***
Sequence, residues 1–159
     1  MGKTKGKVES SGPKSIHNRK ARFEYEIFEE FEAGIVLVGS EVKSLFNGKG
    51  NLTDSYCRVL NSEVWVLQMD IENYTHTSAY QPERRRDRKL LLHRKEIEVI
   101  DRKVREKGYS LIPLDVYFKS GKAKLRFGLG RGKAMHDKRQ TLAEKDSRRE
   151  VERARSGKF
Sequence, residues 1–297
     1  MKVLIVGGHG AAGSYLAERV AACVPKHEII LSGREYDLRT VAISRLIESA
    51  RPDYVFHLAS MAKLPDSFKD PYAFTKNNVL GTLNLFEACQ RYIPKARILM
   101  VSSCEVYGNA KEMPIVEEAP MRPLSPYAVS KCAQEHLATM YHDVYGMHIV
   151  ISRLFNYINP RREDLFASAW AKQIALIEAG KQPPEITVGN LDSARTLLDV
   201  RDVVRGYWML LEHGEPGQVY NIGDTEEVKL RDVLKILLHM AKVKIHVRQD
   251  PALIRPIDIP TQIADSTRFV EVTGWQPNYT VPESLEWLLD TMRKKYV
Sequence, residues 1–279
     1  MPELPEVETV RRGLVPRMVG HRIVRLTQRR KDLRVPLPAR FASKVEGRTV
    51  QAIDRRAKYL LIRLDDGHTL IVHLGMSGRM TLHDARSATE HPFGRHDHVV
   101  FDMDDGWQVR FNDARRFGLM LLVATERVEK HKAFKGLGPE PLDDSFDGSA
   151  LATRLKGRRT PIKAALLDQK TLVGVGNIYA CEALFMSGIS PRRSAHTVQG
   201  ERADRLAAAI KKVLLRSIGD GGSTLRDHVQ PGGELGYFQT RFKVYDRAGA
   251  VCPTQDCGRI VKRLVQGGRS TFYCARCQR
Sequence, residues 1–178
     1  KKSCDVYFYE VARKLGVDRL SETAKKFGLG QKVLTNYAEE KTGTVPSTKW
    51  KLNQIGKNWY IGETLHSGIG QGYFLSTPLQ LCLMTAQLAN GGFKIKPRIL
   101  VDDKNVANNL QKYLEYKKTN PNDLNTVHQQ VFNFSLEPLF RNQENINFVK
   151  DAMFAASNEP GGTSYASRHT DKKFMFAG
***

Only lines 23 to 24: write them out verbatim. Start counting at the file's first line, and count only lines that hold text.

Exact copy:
   101  VDDKNVANNL QKYLEYKKTN PNDLNTVHQQ VFNFSLEPLF RNQENINFVK
   151  DAMFAASNEP GGTSYASRHT DKKFMFAG